Please be aware that this discussion guide may contain spoilers!
These discussion questions are designed to enhance your group's conversation about Wrecker, a heartfelt novel about a group of misfits who form an unusual family amid the trees and valleys of California's Lost Coast.
About this book Wrecker is three years old and alone in the world. His mother, Lisa Fay, has high hopes for her son, but the temptations of San Francisco in the 1960s land her in prison. Lisa Fay's sister, Meg, gets custody of Wrecker, but a botched root canal has left Meg brain damaged and fully dependent on her devoted husband, Len. It falls to Len to adopt Wrecker, a skittish but fearless child, but Len quickly realizes that he can't manage both Meg and Wrecker at the same time.
Len's neighbors, the tiny commune at Bow Farm, agree to take Wrecker in. Melody, the youngest, bonds with Wrecker instantly and dreads the day she might lose him to his birth mother. Ruth, the eldest, shares an impish sense of humor with the unruly boy. Johnny Appleseed teaches Wrecker respect for nature and suspicion of the law. And Willow, who walked away from her own family, finds herself fighting two overwhelming urges: her maternal feelings for Wrecker and her growing attraction to Len. As two milestones approach - Wrecker's eighteenth birthday and the end of Lisa Fay's prison sentence - this slapdash family quickly bonds around Wrecker's mysterious history, and the hopeful possibilities of his future.
Compare the three settings of Wrecker: hippie San Francisco, the women's prison at Chino, and the secluded Mattole Valley. How does each of these settings look and feel in the novel? What does Lisa Fay miss most about San Francisco? Why does the Mattole Valley feel like home to Melody?
Discuss the circumstances of Meg's illness. What was Meg like before she got sick? What toll does Meg's condition take upon her marriage, and how does Len express his devotion and his doubts?
What are Len's first impressions of three-year-old Wrecker? What reservations does Len have about taking Wrecker in? Are his worst fears justified? Why or why not?
Each resident of Bow FarmMelody, Willow, Ruth, Johnny Appleseed, and Wreckerhas survived a difficult past. How do we learn about their histories? What are they running away from, and how do they reconcile a painful past with a hopeful present?
Young Wrecker's early days at Bow Farm are full of "love in overalls, love with a spade in its hand." (28) Why is taking care of Wrecker such hard work? What does each of his caretakers contribute, and how do they make this unusual family work?
Compare Melody and Willow, the two founders of Bow Farm. How do their personalities, homes, and parenting styles differ? What are the sources of tension between these two friends, and how do they eventually resolve their differences?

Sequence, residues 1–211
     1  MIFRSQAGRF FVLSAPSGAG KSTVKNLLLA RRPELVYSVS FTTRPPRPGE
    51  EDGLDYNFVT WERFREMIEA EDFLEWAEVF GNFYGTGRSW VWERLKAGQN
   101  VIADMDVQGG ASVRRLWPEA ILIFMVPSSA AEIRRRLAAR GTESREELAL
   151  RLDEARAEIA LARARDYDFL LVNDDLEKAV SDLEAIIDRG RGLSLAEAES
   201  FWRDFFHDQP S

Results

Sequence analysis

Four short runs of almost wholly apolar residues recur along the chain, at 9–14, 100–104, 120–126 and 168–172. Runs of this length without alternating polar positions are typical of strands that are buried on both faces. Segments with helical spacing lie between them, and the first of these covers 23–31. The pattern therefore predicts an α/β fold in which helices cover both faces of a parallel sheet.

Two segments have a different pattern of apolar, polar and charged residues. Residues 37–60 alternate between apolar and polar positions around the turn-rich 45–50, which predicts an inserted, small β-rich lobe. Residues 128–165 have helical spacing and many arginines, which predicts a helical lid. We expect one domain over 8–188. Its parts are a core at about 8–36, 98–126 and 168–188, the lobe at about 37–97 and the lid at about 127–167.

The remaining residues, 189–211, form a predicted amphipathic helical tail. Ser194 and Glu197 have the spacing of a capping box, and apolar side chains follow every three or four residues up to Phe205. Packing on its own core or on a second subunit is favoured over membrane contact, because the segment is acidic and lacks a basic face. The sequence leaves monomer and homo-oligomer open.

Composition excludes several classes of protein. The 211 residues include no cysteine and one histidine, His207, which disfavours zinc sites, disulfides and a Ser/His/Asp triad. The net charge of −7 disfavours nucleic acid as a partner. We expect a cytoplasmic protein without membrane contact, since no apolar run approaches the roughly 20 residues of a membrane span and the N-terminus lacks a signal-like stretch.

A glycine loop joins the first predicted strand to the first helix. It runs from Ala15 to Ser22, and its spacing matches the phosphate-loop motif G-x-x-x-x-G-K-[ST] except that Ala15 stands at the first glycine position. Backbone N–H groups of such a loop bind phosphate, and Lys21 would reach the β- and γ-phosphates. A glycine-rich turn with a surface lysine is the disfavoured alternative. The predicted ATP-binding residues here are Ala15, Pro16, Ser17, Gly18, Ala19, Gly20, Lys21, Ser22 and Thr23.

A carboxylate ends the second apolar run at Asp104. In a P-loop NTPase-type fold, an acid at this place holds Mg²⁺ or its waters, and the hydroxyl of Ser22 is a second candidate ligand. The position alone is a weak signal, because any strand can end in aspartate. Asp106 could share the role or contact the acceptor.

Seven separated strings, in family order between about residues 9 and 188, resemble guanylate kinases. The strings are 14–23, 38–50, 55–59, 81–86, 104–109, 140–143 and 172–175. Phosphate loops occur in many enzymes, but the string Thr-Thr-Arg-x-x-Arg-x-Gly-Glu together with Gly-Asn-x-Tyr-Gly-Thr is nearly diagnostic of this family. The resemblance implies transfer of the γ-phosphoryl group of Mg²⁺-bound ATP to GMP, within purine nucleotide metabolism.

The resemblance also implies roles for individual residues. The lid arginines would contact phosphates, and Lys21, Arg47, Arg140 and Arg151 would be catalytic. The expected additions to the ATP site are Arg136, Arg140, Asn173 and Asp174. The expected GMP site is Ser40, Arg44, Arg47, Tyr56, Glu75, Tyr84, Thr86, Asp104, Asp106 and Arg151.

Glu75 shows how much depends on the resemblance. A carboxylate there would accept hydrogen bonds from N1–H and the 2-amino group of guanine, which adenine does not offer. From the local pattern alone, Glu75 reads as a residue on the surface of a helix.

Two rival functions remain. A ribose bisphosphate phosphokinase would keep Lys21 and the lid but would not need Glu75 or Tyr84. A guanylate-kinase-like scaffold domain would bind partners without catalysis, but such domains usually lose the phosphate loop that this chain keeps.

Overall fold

Lisa Fay puts off naming her son until he says to her, "I a wrecker." (63) What is the meaning of this unusual name? What are some of Wrecker's destructive tendencies, and how does he fight the urge to "wreck" the things and people around him?
Love doesn't come easily in this novel: Arlyn leaves Lisa Fay, Melody and DF Al don't stay together, Len misses the old Meg, and Ruth mourns the death of Elizabeth. What does this theme of difficult romance add to the novel? How do these stories of lost love compare to Len and Willow's romance?
Trace the journey of the photo that Belle snapped on Wrecker's third birthday. How does the photo get passed along, and what does it mean to each person who has it? How does it eventually land in Wrecker's hands?
Consider Lisa Fay's fifteen years in prison. How does she cope with her circumstances, and what memories and emotions threaten her sanity during these long years?
When Melody tells Wrecker about his mother, she finally understands that "her omission could be as gravely harmful as an outright lie." (239) Why does Melody keep Wrecker's history from him for so long? What are the consequences of her silence? Was her "omission" a mistake? Why or why not?
While Wrecker is at his first school dance, Len and Willow finally admit their feelings for each other. Discuss how these two scenes fit together: Wrecker meeting girls and Len and Willow getting closer in a bar. What discoveries do these characters make during this trip to town?
Why does Willow share her own story as a mother in her good-bye letter to Wrecker? Discuss how Willow's family history leads her to give Wrecker the following advice: "Listen to me. Don't choose. Melody is your mother. Lisa Fay is your mother, too." (259). How does Wrecker respond to Willow's advice?
Wrecker spans twenty years, from the boy's birth to his young adulthood. When does time seem to pass slowly in the novel? When does it pass quickly? Which important events mark these years of Wrecker's life? How does Bow Farm and the Mattole Valley change over these two decades?
Discuss the last scene of the novel, when Wrecker, Ruth, Len, Willow, Melody, and Lisa Fay sit down to dinner together at Bow Farm. How does this dinner make them into a family? Why do you think it is told from Ruth's perspective? How would this scene be different from the point of view of another character?
Summer Wood, Arroyo; T. C. Boyle, Drop City; Michael Cunningham, A Home at the End of the World; Meredith Hall, Without a Map; Susan Straight, Take One Candle Light a Room; Pam Houston, Cowboys Are My Weakness; Marisa Silver, No Direction Home; Mona Simpson, Anywhere But Here; Antonya Nelson, Bound
Unless otherwise stated, this discussion guide is reprinted with the permission of Bloomsbury USA.
Any page references refer to a USA edition of the book, usually the trade paperback version, and may vary in other editions.
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